Children from the after-school program at Fleetwood-Jourdain Community Center pay homage to veterans from previous generations.                     RoundTable photo

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The clear but windy morning of Nov. 11 brought about 150 people to Veterans Memorial Plaza in Fountain Square for Veterans Day services.  Although there was no stated theme for the morning, many speakers referred to the need for better services for living veterans.

 Illinois Seventh District American Legion Past Commander Greg Lisinski shepherded participants through the brief but moving ceremony. Chaplain Karl Kuhn of American Legion Post 42 noted many veterans “carry physical and mental wounds from their days of services.”

“This is a great country,” said Congresswoman Jan Schakowsky. “It has always been a great country. We have to ensure that we serve veterans as well as they have served us” by providing support not only through the Veterans Administration but also through other services.  She added that she is “so proud that here in Evanston we always have a celebration of Veterans Day.”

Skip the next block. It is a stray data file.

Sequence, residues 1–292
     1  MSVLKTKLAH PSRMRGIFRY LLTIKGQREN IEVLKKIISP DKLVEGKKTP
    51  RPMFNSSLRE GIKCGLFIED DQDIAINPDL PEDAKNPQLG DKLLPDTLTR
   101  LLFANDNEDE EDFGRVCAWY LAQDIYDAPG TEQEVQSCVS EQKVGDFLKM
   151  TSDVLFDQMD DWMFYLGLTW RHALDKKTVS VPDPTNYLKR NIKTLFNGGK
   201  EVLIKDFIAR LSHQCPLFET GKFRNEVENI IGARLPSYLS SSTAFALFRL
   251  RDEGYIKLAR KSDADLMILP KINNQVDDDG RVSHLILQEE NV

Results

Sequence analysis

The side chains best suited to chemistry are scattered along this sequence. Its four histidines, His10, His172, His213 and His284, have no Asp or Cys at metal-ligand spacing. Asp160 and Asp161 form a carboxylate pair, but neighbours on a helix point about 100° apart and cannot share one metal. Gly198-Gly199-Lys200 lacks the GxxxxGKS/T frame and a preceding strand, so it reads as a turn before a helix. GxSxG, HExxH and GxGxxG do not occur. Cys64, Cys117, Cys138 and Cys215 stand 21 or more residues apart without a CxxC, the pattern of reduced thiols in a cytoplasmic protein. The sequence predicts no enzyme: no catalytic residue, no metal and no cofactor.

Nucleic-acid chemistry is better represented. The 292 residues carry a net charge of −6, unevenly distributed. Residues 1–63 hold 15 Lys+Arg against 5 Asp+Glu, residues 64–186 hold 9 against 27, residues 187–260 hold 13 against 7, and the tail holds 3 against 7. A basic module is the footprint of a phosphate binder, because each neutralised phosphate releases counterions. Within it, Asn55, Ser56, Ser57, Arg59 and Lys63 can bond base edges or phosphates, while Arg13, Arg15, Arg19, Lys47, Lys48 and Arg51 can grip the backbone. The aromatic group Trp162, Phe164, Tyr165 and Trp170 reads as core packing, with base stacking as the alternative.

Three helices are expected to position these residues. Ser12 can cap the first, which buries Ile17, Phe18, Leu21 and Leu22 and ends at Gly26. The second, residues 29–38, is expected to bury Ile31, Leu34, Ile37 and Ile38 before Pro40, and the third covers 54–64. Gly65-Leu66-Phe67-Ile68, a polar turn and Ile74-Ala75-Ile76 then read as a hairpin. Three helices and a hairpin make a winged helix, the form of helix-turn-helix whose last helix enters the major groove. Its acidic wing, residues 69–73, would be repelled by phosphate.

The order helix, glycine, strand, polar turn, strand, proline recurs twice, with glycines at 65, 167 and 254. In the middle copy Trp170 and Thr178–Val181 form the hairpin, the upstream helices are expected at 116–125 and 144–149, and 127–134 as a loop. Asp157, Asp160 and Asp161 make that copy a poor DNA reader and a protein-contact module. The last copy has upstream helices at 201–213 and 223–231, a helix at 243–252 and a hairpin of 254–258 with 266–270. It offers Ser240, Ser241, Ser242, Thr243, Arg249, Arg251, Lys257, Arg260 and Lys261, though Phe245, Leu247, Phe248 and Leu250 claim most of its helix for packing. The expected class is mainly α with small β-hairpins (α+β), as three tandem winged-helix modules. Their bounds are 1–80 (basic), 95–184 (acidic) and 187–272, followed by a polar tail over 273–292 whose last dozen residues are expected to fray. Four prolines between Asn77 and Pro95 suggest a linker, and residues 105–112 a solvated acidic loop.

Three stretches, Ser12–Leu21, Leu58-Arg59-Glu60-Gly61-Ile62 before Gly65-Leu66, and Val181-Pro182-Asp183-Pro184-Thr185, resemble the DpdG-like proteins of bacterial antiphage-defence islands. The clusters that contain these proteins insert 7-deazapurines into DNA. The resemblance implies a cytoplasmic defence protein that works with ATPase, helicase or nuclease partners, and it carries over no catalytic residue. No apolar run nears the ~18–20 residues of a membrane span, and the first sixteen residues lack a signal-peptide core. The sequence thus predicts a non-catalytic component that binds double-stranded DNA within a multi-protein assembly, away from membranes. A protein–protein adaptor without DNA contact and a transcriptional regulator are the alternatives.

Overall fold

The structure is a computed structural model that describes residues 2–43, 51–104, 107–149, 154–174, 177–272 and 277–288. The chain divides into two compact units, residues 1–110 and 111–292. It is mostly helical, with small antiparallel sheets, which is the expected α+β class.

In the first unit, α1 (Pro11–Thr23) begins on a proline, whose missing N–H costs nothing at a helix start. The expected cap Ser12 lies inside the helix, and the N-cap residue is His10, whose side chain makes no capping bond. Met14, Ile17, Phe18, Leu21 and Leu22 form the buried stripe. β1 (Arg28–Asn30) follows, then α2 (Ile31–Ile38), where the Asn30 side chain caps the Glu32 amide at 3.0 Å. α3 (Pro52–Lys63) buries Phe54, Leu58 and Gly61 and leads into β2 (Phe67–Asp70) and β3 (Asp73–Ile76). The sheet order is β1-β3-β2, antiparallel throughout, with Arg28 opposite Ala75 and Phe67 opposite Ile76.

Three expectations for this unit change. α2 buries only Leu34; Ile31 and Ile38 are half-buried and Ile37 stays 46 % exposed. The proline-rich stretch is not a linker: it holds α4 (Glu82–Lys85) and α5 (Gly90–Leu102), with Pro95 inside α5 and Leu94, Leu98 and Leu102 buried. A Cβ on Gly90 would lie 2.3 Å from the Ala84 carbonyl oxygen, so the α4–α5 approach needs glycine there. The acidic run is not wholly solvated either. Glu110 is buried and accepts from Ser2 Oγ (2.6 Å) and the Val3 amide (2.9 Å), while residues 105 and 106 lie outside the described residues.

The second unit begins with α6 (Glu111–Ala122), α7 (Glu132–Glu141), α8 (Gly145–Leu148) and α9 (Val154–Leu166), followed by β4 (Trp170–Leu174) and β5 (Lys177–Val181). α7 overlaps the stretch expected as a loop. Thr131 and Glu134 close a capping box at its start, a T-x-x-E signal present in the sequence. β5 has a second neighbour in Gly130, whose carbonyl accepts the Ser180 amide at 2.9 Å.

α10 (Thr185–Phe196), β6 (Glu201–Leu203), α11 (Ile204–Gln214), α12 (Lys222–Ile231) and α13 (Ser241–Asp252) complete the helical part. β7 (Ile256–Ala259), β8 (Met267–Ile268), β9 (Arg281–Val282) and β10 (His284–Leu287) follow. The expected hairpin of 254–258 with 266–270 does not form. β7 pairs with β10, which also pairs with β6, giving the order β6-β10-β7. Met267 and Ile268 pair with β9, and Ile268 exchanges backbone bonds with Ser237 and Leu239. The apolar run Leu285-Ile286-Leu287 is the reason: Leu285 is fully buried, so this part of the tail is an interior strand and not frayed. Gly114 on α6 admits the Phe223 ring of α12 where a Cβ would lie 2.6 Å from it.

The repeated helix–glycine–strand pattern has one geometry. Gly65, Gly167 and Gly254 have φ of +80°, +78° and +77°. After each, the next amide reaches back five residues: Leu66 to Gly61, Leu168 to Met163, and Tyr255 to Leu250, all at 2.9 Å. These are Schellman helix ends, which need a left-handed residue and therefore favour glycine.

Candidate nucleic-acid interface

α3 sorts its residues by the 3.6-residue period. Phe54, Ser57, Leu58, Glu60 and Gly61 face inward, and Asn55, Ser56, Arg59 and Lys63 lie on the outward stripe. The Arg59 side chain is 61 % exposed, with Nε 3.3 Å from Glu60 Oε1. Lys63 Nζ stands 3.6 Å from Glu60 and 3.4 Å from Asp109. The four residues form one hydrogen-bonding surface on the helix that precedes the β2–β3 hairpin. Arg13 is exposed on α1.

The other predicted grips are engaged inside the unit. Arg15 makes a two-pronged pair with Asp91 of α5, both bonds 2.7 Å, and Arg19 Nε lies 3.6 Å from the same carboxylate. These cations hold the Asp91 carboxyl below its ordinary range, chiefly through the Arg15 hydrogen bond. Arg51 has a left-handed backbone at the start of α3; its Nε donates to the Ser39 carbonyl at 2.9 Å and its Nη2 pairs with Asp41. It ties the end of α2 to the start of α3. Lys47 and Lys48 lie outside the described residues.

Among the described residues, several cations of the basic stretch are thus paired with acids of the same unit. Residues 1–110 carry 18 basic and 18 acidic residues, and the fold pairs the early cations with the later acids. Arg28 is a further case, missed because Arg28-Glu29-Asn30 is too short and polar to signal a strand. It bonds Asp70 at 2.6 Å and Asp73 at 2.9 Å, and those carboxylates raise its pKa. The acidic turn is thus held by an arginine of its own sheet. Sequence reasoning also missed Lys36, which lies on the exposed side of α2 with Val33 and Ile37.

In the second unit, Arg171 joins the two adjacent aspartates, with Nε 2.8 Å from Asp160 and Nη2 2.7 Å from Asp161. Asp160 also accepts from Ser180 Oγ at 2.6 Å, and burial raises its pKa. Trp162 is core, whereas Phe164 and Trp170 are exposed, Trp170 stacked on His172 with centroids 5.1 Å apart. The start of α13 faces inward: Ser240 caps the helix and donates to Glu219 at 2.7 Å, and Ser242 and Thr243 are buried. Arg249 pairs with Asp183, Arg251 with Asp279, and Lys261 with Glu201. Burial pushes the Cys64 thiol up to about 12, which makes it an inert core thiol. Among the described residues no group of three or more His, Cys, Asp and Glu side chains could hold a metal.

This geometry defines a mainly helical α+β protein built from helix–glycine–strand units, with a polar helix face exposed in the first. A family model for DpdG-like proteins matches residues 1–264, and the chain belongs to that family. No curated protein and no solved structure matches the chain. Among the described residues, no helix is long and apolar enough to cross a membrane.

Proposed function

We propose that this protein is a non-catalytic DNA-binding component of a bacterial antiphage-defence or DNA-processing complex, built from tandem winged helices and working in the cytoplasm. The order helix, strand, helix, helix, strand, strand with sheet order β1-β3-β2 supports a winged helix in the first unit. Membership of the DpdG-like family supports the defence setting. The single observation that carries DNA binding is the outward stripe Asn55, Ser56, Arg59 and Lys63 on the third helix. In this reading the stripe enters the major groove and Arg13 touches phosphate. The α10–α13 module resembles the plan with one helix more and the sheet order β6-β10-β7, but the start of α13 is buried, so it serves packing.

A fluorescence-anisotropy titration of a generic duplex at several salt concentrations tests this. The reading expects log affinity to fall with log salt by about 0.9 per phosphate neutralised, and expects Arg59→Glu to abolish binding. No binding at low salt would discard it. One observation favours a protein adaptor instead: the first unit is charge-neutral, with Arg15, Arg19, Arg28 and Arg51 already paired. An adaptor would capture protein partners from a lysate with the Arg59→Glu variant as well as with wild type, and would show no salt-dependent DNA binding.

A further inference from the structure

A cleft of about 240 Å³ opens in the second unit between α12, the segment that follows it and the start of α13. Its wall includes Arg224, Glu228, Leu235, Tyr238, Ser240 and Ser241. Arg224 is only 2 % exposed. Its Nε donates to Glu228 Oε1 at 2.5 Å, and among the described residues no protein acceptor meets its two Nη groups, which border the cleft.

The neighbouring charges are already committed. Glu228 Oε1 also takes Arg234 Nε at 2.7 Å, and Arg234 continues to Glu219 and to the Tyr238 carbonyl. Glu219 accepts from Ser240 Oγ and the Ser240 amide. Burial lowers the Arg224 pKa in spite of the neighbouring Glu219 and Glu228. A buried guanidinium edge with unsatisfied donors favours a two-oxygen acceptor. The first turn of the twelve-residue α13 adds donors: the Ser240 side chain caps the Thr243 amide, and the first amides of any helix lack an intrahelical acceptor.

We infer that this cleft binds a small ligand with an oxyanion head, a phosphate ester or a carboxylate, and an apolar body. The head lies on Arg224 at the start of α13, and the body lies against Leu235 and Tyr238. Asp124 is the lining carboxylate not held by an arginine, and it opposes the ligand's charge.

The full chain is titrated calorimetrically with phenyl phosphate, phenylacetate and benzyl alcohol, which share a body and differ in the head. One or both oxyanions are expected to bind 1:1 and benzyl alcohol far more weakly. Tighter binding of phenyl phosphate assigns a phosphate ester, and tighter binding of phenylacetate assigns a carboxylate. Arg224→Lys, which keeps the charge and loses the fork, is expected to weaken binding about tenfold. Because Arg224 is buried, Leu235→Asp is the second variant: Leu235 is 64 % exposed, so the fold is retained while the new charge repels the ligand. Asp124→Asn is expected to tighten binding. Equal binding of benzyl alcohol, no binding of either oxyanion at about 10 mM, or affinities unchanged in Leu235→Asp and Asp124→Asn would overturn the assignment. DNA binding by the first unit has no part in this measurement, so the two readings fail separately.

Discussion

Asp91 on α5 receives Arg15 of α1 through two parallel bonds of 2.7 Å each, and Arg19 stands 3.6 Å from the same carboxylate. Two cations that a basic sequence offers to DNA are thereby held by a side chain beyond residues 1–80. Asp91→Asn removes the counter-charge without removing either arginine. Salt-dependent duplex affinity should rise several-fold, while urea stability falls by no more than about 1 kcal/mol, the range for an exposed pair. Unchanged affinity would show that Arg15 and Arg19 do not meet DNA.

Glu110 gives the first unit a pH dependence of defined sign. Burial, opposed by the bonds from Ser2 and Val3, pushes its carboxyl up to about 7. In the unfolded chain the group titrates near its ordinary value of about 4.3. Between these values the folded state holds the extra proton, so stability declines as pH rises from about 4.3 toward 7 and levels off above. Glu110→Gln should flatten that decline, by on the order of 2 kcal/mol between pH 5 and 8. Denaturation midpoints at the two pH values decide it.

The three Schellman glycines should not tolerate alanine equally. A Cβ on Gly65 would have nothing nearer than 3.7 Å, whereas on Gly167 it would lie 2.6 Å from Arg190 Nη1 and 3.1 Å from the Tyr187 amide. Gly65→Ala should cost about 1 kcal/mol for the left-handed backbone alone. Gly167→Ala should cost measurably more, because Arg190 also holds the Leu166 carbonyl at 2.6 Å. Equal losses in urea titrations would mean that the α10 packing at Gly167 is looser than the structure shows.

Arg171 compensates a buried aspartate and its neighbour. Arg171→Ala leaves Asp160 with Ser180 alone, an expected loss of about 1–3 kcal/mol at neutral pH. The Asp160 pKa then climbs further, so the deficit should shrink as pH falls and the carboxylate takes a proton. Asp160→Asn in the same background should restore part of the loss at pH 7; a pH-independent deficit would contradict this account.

Mayor Elizabeth Tisdahl said to use this day “to remember why we love this country.” She read Emma Lazarus’s poem “The New Colossus,” written about the Statue of Liberty.

Commander Brian Beatty of Technical Sergeant Snell VFW Post 42 said of Veterans Day and Memorial Day, “These two days make us stop and remember – one day for death, another for life, the Yin and the Yang.” He spoke of how some veterans are “cast aside,” living on the streets, and not receiving the services they need. He asked for donations of warm winter clothing and coats for the “hundreds of homeless veterans.”

Cook County Commissioner Larry Suffredin, Commander Hal Shanafield of VietNow, North Suburban Chapter, Commander James Brusek of American Legion Post 42, and M. Barry Siegel also spoke. 

At 11 a.m. sharp, everyone faced east for a moment of silence. Quinn Hartman blew “Taps” on his bugle. Cadets from Admiral Rickover Naval Academy High School gave a 21-gun salute. After the laying of wreaths at the flagpole, everyone sang “God Bless America,” and the crowd separated into small groups to talk and individuals to return to their day.